Leonard showing his worth
Kawhi Leonard’s already got a ring. Not just that, he’s got an NBA Finals MVP award. And he’s playing at a level that could take him to another, if the Raptors are good enough to go there with him, that is.
The former Spur is averaging just under 34 points per night through this series. And that’s with totals of “just” 21 and 29 in the last two games, the second partly due to the Raptors romping home as 36-point winners and Leonard not needing to carry the team over the line.
In putting Toronto on the verge of a first Conference Finals in four years, he is also justifying the risks his current team have taken since last season’s whitewash at the hands of the Cavs.
Despite topping the East last season, the Raptors only enhanced their reputation as postseason lightweights when they crashed out to Cleveland – think Tottenham before last Wednesday night (RIP Ajax, *sob*). They fired their coach and traded a good player, DeMar DeRozan, for a possible all-time great in Kawhi to make the leap to a title.
That move could come at a bigger price because Leonard’s not committed to staying in Canada beyond this season – the Clippers have been consistently linked with the implacable 27-year-old’s signature – so Toronto could end up with one season of wonder and not much else.
Prior to 2017, few would’ve expected a player so lacking in apparent ego to be involved in any such moves. In fact, Leonard looked like he was grown in a lab at the request of San Antonio coach Gregg Popovich because he combined lack of ego with incredible talent, brutal efficiency at both ends of the court, and is a relentless competitor.
But things went awry in West Texas. The Spurs were left with little option but to trade a cast-iron league MVP-talent player at his peak if they didn’t want him to walk when his contract expired in 2019.
The Raptors made the bet they can win with him this year and get him to re-sign. A win tonight will keep that dream alive a little longer.
Sixers can’t count on stars
The Sixers have made big moves of their own, though do not look as likely benefit.
Jimmy Butler and Tobias Harris have given them a starting line-up that, on paper, looks as dangerous as any in the league. Joel Embiid, Ben Simmons and JJ Redick were already in situ and had looked threatening last season before fizzling out against Boston.
But this series has seen them fail to deliver on the promise. Joel Embiid averaged over 27 points per game in the regular season but has scored more than 17 just once in this series. Health issues and Marc Gasol have combined to limit the center to just one big scoring game.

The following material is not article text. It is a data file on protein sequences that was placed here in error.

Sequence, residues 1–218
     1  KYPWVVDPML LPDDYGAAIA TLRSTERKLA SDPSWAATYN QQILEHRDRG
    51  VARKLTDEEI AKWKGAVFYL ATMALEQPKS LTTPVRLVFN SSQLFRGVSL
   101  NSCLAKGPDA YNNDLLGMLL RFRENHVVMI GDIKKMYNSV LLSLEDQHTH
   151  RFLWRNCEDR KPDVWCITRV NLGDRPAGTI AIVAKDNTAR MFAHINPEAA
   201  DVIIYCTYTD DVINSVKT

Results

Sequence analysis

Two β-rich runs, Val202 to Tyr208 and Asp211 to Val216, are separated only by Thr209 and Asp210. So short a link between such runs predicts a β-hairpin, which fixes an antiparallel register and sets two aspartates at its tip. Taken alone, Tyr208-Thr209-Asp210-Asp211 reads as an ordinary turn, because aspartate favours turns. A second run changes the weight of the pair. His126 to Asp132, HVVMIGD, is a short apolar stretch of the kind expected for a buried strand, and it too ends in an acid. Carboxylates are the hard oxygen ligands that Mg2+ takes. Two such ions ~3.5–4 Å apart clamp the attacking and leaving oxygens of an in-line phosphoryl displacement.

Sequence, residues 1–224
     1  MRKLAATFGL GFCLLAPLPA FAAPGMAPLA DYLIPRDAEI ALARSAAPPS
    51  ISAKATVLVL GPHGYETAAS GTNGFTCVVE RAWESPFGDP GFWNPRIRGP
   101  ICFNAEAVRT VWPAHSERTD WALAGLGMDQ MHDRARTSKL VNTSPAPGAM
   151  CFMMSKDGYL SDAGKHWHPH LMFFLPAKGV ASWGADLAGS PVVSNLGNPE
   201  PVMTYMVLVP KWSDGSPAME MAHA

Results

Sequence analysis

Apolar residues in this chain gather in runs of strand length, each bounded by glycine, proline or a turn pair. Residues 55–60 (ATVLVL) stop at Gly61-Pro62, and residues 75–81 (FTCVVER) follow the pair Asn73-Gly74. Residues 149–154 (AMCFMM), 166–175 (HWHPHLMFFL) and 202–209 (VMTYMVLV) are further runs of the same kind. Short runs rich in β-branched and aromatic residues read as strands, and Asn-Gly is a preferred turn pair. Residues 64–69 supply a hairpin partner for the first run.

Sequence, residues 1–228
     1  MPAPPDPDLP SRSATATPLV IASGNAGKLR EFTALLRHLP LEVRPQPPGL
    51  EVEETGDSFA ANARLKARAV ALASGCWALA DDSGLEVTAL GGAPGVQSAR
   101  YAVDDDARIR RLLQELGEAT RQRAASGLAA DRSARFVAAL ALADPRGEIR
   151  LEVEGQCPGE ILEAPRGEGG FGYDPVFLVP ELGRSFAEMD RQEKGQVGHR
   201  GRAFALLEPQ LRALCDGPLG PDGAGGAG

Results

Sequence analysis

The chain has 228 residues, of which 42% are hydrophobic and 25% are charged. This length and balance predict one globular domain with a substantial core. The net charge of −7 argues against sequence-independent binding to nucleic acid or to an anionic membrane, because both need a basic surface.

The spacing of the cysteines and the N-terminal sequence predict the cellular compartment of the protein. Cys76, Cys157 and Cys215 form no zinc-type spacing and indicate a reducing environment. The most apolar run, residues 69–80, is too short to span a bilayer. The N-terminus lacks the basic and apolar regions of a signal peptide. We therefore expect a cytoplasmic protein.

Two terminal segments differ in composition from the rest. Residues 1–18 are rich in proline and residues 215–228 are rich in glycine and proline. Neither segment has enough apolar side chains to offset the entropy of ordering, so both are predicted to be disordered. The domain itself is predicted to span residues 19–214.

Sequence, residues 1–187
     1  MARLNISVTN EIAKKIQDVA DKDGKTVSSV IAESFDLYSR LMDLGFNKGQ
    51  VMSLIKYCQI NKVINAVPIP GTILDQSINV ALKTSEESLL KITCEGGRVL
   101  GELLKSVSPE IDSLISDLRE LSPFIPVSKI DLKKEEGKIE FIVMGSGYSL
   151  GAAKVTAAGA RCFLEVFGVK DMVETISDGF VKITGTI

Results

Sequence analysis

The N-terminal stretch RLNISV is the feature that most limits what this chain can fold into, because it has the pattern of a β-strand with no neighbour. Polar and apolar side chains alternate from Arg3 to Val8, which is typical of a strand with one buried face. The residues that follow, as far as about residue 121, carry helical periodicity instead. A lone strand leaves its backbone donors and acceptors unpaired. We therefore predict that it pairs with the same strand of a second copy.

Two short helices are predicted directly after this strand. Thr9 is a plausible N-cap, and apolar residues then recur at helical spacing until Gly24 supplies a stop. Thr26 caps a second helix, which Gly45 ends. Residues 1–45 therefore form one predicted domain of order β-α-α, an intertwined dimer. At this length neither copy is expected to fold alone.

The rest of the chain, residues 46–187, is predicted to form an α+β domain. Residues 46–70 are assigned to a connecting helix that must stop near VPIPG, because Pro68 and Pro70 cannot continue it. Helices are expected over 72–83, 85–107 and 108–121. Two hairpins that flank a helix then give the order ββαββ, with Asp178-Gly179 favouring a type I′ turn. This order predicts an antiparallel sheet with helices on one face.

Controlling the Cameroonian has allowed the Raptors to compete against a team loaded with starting talent but light on experience playing together.
This game ultimately will come down to Embiid’s unpredictable power versus Leonard’s control and championship experience. I’d always rather be on Leonard’s side. The Raptors have home advantage as the higher seeds, but depth of talent in the starting five is clearly in Philly’s favour.
Their record in Toronto isn’t though. They’ve won just once in the last 16 visits to Canada, and Toronto are 12-6 in their last 18 games on the spread, so the home team -6 would be the play on the spread at [1.92], though the stronger trends are on the total.
Five of the last seven between these two have gone under and Toronto are 9-of-12 in the same direction in the last dozen games, so fewer than 209 points appeals at 10/11. Also, given this is exactly th kind of game Leonard was signed for, the over on his personal total of 32.5 points is interesting as a prop bet at 10/11.
Nuggets can shine through
Portland Trail Blazers @ Denver Nuggets
Live on Sky Sports Arena
Earlier in the evening, another back-and-forth series finishes with game seven in Denver. For the Nuggets, it’s the second series in a row to go the distance, while Portland were more clinical in their opening series against the Thunder, ending it in five.
The prize on offer for the winner is a Conference Finals spot opposite the Warriors, a result that’s about as good a return as either of these teams could’ve hoped for at the season’s start.
Denver missed the playoffs in ninth last season, but have maximised the playmaking ability of center Nikola Jokic in this campaign to take the second seed in the tougher conference despite higher-profile challengers and bigger names elsewhere. The seven-foot Serb is an assist per night short of averaging a triple-double for this series so far, with 26 points and 14 rebounds to his name in each game so far.
Portland have regularly made the postseason but failed to deliver on their blistering runs of form when the playoffs began. Their star guard Damian Lillard has played this year’s knockout phase like he means to put that reputation right. He’s notched 27 points per game in this series as these two teams traded games home and away to get to game seven.
Denver, as the home side, are favourites, and the Blazers might wonder what could’ve been were Jusuf Nurkic healthy to counter their main man Jokic. You’d have to fancy Denver to come through here, especially are they’re 7-1 in their last eight against Portland at home, but the 5.5 spread is a harder call given how competitive the series has been.
Instead, I would take a look at the total of 212 and play the over at 10/11, because these two are both have strong form on that front in the playoffs. Most compelling though is the fact that nine of the last ten between these two have finished higher than the projected total. That’s a trend to follow.
Source: US Sports